DIFFERENT TYPES OF COUPLERS IN RAILWAYS:
In order for two railway vehicles to be connected together in a train they are provided with couplers. Since there are a large number of railway vehicles which might have to be coupled at one time or another in their lives, it would seem sensible to ensure that the couplers are compatible and are at a standard position on each end of each vehicle.
There are a variety of different couplers around. However, there is a high degree of standardization and some common types have appeared around the world.In order for two railway vehicles to be connected together in a train, they are provided with couplers.
Since there are a large number of railway vehicles which might have to be coupled at one time or another in their lives, it would seem sensible to ensure that the couplers are compatible and are at a standard position on each end of each vehicle. There are a variety of different couplers around. However, there is a high degree of standardization and some common types have appeared around the world.
Link and Pin:
The simplest type of coupler is a link and pin. Each vehicle has a bar attached to the center of the headstock (the beam across the end of the vehicle, variously called the end sill or pilot in the US) which has a loop with a center hole attached to it.
Each coupler has a bell mouth around the end of the bar to assist in guiding the bar with the hole into place. The loops are lined up and a pin dropped into them. It’s not very sophisticated but it was used for many railways during the 19thcentury and has persisted on a few remote lines to this day. The narrow gauge Alishan Railway in Taiwan is one such line.
The next type of coupler is the bar coupler. This is what is known as a semi-permanent coupler. It cannot be disconnected unless the train is in a workshop and access underneath the train is available. It is normally used in EMUs which are kept in fixed formations of two, three or four cars.
The bar couplers are located within the unit, while the outer ends of the unit have some type of easily disconnected coupler. Bar couplers are simple, just consisting of a bar with a hole at the inner ends through which the car body is connected by a bolt. Others consist of two halves which are just bolted together.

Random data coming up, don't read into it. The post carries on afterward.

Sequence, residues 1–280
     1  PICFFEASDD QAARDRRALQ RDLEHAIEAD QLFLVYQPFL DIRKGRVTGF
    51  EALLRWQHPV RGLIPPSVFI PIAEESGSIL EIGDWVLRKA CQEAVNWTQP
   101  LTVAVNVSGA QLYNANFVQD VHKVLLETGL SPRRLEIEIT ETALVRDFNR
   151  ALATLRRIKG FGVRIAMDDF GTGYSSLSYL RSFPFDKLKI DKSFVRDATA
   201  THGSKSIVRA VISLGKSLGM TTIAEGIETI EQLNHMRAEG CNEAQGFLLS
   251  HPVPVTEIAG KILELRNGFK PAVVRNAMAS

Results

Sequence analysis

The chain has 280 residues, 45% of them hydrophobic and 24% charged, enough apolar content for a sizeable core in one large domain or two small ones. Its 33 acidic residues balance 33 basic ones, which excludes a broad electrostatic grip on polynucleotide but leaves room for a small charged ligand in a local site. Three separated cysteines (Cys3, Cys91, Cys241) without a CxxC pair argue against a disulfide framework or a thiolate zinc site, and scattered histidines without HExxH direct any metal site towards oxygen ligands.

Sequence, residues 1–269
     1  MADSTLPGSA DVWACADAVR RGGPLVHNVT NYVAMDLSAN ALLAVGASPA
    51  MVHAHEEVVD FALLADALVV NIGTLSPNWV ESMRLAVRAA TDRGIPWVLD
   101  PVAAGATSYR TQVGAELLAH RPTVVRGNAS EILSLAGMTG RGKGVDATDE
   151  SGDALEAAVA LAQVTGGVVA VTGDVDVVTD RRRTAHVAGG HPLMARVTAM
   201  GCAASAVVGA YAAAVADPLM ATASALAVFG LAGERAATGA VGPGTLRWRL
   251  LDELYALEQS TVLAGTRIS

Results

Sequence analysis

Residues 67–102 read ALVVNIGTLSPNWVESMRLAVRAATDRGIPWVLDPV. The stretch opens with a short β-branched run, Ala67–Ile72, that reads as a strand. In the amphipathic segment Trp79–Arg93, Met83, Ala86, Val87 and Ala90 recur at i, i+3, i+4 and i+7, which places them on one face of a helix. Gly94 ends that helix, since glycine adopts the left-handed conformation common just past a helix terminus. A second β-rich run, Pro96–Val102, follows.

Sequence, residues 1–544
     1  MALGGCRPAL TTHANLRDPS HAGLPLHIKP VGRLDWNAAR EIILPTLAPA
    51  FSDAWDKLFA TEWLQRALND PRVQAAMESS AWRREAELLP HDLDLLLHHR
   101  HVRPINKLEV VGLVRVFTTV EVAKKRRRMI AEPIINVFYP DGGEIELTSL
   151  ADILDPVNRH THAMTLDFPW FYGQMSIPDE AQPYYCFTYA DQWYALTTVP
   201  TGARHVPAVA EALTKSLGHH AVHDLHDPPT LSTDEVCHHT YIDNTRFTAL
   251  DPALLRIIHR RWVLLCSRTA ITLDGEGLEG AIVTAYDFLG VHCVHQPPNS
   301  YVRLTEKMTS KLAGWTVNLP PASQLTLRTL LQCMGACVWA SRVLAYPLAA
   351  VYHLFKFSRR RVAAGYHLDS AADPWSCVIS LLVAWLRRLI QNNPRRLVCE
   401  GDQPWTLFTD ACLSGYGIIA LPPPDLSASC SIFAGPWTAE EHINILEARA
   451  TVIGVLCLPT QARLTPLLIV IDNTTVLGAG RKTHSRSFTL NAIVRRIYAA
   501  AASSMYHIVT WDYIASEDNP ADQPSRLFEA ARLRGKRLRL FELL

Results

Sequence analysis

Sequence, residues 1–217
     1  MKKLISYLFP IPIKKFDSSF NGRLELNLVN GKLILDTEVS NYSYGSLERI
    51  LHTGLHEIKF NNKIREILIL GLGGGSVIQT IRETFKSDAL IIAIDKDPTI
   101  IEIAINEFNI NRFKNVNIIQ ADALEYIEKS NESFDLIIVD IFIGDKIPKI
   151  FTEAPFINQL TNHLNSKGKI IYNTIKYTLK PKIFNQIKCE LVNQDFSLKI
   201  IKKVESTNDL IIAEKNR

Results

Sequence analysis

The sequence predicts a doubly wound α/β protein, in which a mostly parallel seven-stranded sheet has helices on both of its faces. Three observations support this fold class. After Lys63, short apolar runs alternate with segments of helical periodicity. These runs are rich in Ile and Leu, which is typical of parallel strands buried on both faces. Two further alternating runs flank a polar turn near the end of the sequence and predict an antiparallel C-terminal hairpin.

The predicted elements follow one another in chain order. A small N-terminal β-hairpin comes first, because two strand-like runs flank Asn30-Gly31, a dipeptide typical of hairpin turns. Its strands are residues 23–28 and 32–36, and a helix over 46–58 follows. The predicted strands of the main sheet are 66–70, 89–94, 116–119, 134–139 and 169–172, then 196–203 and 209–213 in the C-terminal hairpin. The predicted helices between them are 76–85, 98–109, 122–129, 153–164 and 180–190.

This type of coupling is exactly what it says -a set of three links which are hung from hooks on each vehicle. A development of this is the “Instanter” coupler, which has a middle link forged into a triangular shape to allow the distance between vehicles to be (crudely) adjusted.
This is to allow the side buffers used with the coupler to be adjacent to each other and provide some degree of slack cushioning.The coupler required a person to get down on the track between the two vehicles and lift the coupling chain over the hook of the other vehicle. Sometimes a “coupling pole” was used for quickly uncoupling freight wagons
This is a development of the 3-link coupling where the middle link is replaced by a screw. The screw is used to tighten the coupling between the two vehicles so as to provide for cushioning by compressing the side buffers. In addition to the mechanical couplings required to connect the vehicles, trains had to have connections for brakes, lighting, and heating. All the work involved in connecting the two vehicles was carried out manually.
Buckeye/Knuckle Coupler :
By far the most common coupler seen around the world is known variously as the”Knuckle”, “Buckeye” or “Jenney” coupler. This is an automatic, mechanical coupler of a design originating in the US and commonly used in other countries for both freight and passenger vehicles. It is standard on the UK hauled passenger vehicles and on the more modern freight wagons.